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#2106 - 03/18/02 11:54 PM speaker break in
reason1 Offline
frequent flier

Registered: 01/27/02
Posts: 16
I just got a pair os 22's and a vp150. Read a lot of posts about them needing to break in. What exactly will I notice once they brak in?

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#2107 - 03/19/02 04:10 AM Re: speaker break in
Anonymous
Unregistered


That would depend on what you noticed initially. If the highs were too prominent, they will become less so. If too reticent, you will notice them become more prominent. The same will be observed for the bass and mid-range. If you noticed(or imagined) no gross deficiencies at first you will notice no change at all and will be in agreement with the measurements which show no changes of audible significance.

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#2108 - 03/19/02 09:51 PM Re: speaker break in
HOLOGRAM Offline
hobbyist

Registered: 03/19/02
Posts: 21
Loc: California
I have often wondered why if psycho acoustical factors only are responsible for "break in" why do speakers on the dealers showroom floor sound different than the ones right out of the box. Then after using them for a while they start sound more like they did at the dealers. I don't get it. I do know that while listening to some speakers at my dealers place recently I never felt or thought they needed some "break in." Anyone have the answer?

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#2109 - 03/20/02 09:44 AM Re: speaker break in
ravi_singh Offline
connoisseur

Registered: 03/14/02
Posts: 1351
Loc: Montreal
HOLOGRAM,

there is definitely a break in period for the speaker itself. i find speakers never sound the same out of the box as they do a few weeks later. It's like a pair of shoes, they need to break in a little. you must also not forget that, in the store, they usually have the speakers set in ideal conditions, and hooked up with some very high quality equipment. they also have the seating position of the listener in a very good position to hear the speakers properly. this definitely contributes to why speakers sound better in a store than they do at home right out of the box.

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#2110 - 03/21/02 01:16 PM Re: speaker break in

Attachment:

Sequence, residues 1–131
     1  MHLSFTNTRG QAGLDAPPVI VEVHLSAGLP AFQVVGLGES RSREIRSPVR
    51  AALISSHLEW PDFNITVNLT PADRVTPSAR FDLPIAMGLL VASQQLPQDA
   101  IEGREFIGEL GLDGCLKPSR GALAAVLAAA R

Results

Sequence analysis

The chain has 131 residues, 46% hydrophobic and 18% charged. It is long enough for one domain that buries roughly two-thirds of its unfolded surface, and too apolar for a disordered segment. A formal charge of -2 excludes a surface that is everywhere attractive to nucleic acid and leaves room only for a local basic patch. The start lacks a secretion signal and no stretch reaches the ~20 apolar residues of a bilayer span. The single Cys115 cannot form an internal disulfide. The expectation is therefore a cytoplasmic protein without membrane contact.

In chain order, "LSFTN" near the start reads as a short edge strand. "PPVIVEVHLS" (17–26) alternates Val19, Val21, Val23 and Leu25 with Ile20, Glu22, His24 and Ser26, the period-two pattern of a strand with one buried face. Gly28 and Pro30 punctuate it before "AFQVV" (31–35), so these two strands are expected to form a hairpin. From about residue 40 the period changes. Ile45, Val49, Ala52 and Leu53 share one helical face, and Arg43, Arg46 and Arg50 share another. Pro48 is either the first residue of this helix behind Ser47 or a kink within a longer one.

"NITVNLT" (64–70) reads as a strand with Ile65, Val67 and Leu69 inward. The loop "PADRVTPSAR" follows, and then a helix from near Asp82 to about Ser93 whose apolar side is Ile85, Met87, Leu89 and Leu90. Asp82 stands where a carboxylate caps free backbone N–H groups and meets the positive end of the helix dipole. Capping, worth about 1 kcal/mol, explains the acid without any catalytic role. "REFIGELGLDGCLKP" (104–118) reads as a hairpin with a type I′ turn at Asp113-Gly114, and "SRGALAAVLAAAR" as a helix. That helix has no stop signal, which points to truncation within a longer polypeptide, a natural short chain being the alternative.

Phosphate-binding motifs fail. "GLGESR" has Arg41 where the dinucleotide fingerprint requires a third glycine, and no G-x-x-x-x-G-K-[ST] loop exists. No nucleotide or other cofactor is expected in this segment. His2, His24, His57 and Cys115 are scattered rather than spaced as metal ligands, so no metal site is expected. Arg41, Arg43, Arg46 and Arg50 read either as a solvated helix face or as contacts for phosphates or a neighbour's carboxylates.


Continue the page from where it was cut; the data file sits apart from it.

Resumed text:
BBIBH Offline
connoisseur

Registered: 01/10/02
Posts: 1049
Loc: Canada
That would depend on the type of store you are shopping in. Most stores utilize banks of amps, sources and rows of speakers that are all connected to a central switching mechanism. This switch allows easy connection of different components. However, there are difficulties with this type of setup. The switch can cause problems sonically, and most definitely the room acoustics will play a major factor. This type of store has focused more on quick turnover, than displaying the best quality a piece can exhibit.

There are stores that assemble systems that show you the best they have to offer, and usually this is in a controlled environment.

As to which is better, well pricing and target market can vary greatly from the first example to the second example. Your budget and needs will determine the store that carries your market segment.

As for break in periods, this is an area of great debate. In my opinion, as a speaker is esentially a motor, it should be treated cautiously for the first few hours of listening. Most manufacturers of any piece (sources, amps, speakers) recommend based on their designs. I tend to think if it does make a difference, then I am following their advice. If it is fiction, I am not out anything more than a limited time at background volume levels. But, if you are wrong, you may have caused damage. So I don't take the chances....

As for the psycho acoustical affects, I would think that as you listen in your home, the sound will become more familiar and change your perception. Remember the above stores? Invariably the sound will be different when you first connect them, but you can and will adjust.
_________________________
Regards,

Mike

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